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I agree with SpouseRecovery. How to respond in that type of situation takes a lot of work and thought, and feeling out the moment, and sometimes no response is better. I have a similar situation at the moment. And as has been said so far, trying something rational on someone who has become irrational seems to be impossible. Sometimes you can get through I guess, but in these types of situations that seems to be rare, sigh.
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Old 12-02-2013, 10:56 AM
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Originally Posted by sourcranberry View Post
I guess the more obvious general question I have is what is the most effective way to tell an alcoholic "no, I won't do what you want" without them going completely ballistic?
LOL! I think we all want the answer to that one. I am in a similar situation (I moved out of state to get away), though my axb has not been to any treatment or ever entertained the idea that he has a problem with alcohol or is abusive in any fashion when he drinks- he doesn't remember it, so it must not have happened. I just keep dumping him, over and over. I only talk to him if he's sober, and when he says he misses me I say "I bet you do" and leave it at that. We also have a child together, and for the most part he has totally ignored our son. When he's drunk he hangs up phone on DS, when he's sober he's too busy being righteously angry with me (for "walking out on him") to make the effort to call.
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Old 12-02-2013, 11:00 AM
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If you absolutely have to maintain contact, I suggest saying over and over and over that you will not speak to him about anything but your child. prepared that this may cut off your funds. To would be worth it, but I don't pay your bills and understand finances and how they can affect your life.

Then...don't speak. If he says anything about anything except your child, do not speak to him about it. He will get it eventually. If you don't engage eventually it will wear him out trying and he will stop. You have to stand very firm to your boundary with this if this is truly what you want. This is detatching from a distance. You can do it, but it will be hard.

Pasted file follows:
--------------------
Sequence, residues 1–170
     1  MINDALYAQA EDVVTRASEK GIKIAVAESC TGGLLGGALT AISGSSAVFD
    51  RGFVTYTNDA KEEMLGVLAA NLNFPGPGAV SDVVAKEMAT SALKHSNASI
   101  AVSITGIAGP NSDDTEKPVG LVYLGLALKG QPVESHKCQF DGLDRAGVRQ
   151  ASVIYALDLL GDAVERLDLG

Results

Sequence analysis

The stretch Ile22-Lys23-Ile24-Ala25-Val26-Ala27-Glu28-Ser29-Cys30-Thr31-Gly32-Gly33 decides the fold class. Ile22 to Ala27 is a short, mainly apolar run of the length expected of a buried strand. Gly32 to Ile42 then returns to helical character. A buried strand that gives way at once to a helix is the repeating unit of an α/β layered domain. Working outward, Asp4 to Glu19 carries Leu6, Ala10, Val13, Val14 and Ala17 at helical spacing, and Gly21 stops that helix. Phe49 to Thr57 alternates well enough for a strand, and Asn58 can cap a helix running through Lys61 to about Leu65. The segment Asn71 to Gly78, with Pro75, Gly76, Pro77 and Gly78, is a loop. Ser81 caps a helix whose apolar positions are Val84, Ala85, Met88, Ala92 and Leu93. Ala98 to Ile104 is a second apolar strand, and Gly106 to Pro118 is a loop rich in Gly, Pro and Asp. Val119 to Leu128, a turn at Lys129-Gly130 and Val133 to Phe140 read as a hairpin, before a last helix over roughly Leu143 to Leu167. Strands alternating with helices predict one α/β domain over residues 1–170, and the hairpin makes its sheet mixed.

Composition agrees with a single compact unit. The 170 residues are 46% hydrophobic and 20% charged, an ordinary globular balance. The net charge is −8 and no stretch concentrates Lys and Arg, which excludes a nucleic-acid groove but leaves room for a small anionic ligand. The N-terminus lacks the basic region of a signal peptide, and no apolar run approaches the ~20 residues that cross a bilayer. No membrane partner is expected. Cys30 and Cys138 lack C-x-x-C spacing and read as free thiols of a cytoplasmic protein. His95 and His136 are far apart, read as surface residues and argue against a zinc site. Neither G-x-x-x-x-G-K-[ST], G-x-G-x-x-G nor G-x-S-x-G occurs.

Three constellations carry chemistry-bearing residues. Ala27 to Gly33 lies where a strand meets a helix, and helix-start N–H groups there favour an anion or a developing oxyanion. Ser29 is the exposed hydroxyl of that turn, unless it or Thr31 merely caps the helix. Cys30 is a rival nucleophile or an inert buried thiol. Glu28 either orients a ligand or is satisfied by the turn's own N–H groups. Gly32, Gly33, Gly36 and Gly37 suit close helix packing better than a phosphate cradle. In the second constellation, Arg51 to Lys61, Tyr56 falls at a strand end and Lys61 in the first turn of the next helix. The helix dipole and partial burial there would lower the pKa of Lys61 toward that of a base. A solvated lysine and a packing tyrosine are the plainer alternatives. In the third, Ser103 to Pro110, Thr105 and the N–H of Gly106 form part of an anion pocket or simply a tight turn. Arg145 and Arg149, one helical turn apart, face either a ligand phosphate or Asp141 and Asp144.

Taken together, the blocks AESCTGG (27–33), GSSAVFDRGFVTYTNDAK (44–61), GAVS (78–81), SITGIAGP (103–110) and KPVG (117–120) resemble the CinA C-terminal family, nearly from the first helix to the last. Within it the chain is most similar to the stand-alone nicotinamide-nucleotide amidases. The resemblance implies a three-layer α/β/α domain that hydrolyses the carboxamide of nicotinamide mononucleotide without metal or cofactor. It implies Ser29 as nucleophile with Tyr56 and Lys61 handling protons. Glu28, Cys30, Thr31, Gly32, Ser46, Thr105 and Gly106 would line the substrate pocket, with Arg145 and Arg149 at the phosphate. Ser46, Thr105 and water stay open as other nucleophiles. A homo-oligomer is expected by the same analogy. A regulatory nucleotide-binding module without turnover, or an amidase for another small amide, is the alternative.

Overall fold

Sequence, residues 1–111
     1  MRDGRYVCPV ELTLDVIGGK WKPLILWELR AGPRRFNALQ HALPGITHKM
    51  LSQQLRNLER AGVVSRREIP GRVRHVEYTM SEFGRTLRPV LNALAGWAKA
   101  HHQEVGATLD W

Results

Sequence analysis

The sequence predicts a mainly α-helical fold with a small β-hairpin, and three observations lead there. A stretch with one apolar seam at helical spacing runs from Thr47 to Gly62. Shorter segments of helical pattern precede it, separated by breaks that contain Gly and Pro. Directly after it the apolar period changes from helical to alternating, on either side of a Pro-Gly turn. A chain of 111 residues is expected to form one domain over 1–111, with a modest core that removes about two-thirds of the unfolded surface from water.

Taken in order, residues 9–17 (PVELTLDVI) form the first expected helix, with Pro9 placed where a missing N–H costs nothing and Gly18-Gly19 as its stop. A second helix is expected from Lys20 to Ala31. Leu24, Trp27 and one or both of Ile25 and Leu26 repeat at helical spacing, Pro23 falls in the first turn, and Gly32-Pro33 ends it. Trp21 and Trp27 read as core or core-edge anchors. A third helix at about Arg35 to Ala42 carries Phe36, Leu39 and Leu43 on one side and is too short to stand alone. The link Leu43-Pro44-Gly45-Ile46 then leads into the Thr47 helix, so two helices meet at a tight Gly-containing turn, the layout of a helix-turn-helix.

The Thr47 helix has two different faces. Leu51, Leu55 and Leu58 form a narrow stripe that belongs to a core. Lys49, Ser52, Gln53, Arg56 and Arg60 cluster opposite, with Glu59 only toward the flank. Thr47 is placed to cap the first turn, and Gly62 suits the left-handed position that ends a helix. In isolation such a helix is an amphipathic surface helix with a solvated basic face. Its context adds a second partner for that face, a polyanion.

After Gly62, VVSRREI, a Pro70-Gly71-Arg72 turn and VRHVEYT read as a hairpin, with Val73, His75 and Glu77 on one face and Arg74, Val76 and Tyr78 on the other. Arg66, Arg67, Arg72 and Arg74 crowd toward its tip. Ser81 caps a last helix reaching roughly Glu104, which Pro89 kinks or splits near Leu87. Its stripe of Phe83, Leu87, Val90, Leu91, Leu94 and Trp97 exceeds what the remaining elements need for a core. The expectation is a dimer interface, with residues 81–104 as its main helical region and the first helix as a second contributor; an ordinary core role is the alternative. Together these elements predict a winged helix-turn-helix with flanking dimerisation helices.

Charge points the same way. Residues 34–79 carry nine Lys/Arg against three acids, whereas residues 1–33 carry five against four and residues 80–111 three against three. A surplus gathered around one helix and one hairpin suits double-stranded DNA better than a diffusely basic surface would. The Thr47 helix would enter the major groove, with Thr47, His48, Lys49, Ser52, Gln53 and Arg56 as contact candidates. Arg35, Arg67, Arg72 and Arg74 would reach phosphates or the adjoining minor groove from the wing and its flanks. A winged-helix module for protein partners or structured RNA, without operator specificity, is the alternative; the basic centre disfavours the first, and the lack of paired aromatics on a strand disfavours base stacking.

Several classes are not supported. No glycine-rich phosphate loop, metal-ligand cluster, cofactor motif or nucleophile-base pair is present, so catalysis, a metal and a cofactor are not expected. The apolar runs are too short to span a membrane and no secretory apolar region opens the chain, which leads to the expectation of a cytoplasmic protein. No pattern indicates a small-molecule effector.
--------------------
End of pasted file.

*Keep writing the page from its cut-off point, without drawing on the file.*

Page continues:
Take care of you and your baby!
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Old 12-03-2013, 11:07 PM
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I agree. Not engaging sometimes will stop the behavior because they want to try something new. Not getting a reaction anymore will put out that fire. It has for me on some behaviors.
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Old 12-03-2013, 11:49 PM
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No contact helps me lots when I can do it and xah has adjusted to it over time. When he has other women around, that always helps. Your A will adjust eventually, too. You have to not feed into his efforts to draw you back into any conversation whatsoever.

But some contact is necessitated by our four children and finances.
I just stick to email and keep it completely business like. It works. Keep the boundaries ridiculously clear and firm.

I live in Europe and AA is less prevalent for sure where I am. But if you want a recovery program, it's there for the person who is earnest about wanting help. So don't buy his excuses!
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Old 12-04-2013, 01:09 AM
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Most of the time I stay quiet, he thinks I am torturing him because I won't or even talk with him when he is really drunk as he is verbally abusive.

I think you are a lot stronger than me to and have lot of courage to break up with him.

I agree with the above comment that alcoholic often see themselves as victim and we are all against them.
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Old 12-04-2013, 05:42 AM
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Thank you everyone for your comments. After he just did and said something particularly unacceptable yesterday, I have cut off contact with him. I can't live with that level of toxicity in my life and I'm tired of having to adapt my own behavior to his insanity and irrationalism. Why should I be the one who always bends over backwards for him? He's an adult, not an 2 year old. (I think that having an actual child has now given me some perspective on this, since now I actually do have a little baby that I have to adapt to, and adapting to the whims of an adult alcoholic makes no sense by comparison.)

I had started waking up every morning nervous about what is going to be in my email. It was like that living with him, and after having had a little peace after getting away from him, I can't go back to feeling afraid every day. The concept of detachment is a good one, but there is only so much that you can realistically detach from someone who is actively abusing you (either verbally or physically) on a regular basis. (Unlike other people, I could never just leave the apartment when he started to get abusive because I was afraid he would destroy my belongings, including all of my work and research--detaching by leaving when he was drunk or hungover and angry would have just made him angrier and put me more at risk later. There are some kind of alcoholics that you just cannot safely be with.)

I am going to attempt to go through international channels for child support--I found out that I may be able to apply for it at the court in his country, even though I'm a foreigner.